Experimental study of fatigue provoked by biotin deficiency in mice

Kazumi Osada, Michio Komai, Kimihiko Sugiyama, Naoko Urayama, Yuji Furukawa

Research output: Contribution to journalArticle

7 Citations (Scopus)

Abstract

We investigated the relationships among behavioral parameters, forced-swimming test parameters, and plasma and organ biotin concentrations in biotin-deficient mice. Male ddY mice were divided into four groups: early biotin deficiency group (ED group; biotin-free diet for three weeks), progressive biotin-deficiency group (PD group; biotin-free diet for seven weeks), and two age-matched control groups. The dermatological symptoms of frank biotin deficiency were observed in most mice in the PD groups (72.3%) but in only 27% of ED group mice. The liver biotin level was greatly decreased in ED and PD groups, and the plasma biotin level was also significantly decreased in the PD group, but the biotin levels were quite stable in muscle and brain. There were significant decreases in swimming time in ED and PD groups and in struggling behavior in the PD group, suggesting that biotin-deficient mice become depressed and/or fatigued without biotin deficiency being apparent in brain and muscle. One single-injection biolin administration led to a prompt recovery in swimming time. Biochemical data revealed a decrease in liver glucokinase activity and an increase in ketone bodies in both liver and plasma in biotin-deficient mice. In addition, simultaneous biotin deficiency and forced walking synergistically provoked significant increases in total ketone bodies in both plasma and liver. These results suggest that depression and/or fatigue are induced in mice by biotin deficiency.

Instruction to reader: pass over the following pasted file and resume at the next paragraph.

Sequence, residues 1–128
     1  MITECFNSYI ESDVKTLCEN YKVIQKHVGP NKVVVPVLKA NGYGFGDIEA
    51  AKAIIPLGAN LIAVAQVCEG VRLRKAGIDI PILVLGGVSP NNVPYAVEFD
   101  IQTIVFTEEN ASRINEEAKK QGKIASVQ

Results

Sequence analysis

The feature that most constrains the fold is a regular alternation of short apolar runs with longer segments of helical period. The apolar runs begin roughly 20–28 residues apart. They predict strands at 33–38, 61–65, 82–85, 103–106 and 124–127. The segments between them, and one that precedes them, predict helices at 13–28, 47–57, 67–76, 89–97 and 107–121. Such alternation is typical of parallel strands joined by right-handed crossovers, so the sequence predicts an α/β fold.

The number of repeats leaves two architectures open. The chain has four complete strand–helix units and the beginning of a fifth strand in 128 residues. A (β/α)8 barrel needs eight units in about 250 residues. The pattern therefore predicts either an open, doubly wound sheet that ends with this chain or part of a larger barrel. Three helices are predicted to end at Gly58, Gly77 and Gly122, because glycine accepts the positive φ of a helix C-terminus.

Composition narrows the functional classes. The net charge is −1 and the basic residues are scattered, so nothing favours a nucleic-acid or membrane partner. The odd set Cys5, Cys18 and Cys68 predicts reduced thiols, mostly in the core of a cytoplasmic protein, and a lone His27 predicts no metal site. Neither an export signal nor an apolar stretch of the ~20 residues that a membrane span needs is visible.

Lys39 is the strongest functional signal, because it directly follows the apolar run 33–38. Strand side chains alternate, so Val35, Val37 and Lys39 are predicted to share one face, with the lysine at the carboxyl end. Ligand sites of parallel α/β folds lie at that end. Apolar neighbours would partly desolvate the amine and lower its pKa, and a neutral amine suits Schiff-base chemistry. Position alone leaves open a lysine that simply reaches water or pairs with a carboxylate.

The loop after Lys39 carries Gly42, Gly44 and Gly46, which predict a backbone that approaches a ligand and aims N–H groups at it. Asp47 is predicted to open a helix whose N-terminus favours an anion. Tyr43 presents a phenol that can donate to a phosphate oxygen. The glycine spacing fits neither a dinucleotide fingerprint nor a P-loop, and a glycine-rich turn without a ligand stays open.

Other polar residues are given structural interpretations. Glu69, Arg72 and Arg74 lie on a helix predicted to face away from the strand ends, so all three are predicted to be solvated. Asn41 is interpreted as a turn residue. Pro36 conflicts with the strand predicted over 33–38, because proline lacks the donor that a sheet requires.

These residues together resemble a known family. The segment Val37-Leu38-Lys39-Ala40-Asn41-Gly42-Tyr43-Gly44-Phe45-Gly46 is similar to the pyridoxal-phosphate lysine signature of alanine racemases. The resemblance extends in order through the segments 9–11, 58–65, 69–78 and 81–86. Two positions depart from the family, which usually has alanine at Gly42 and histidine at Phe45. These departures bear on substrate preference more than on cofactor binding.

Original languageEnglish
Pages (from-to)334-340
Number of pages7
JournalInternational Journal for Vitamin and Nutrition Research
Volume74
Issue number5
DOIs
Publication statusPublished - 2004 Sep 1

Keywords

  • Biotin
  • Fatigue
  • Forced swimming
  • Ketone body

ASJC Scopus subject areas

  • Medicine (miscellaneous)
  • Endocrinology, Diabetes and Metabolism
  • Nutrition and Dietetics

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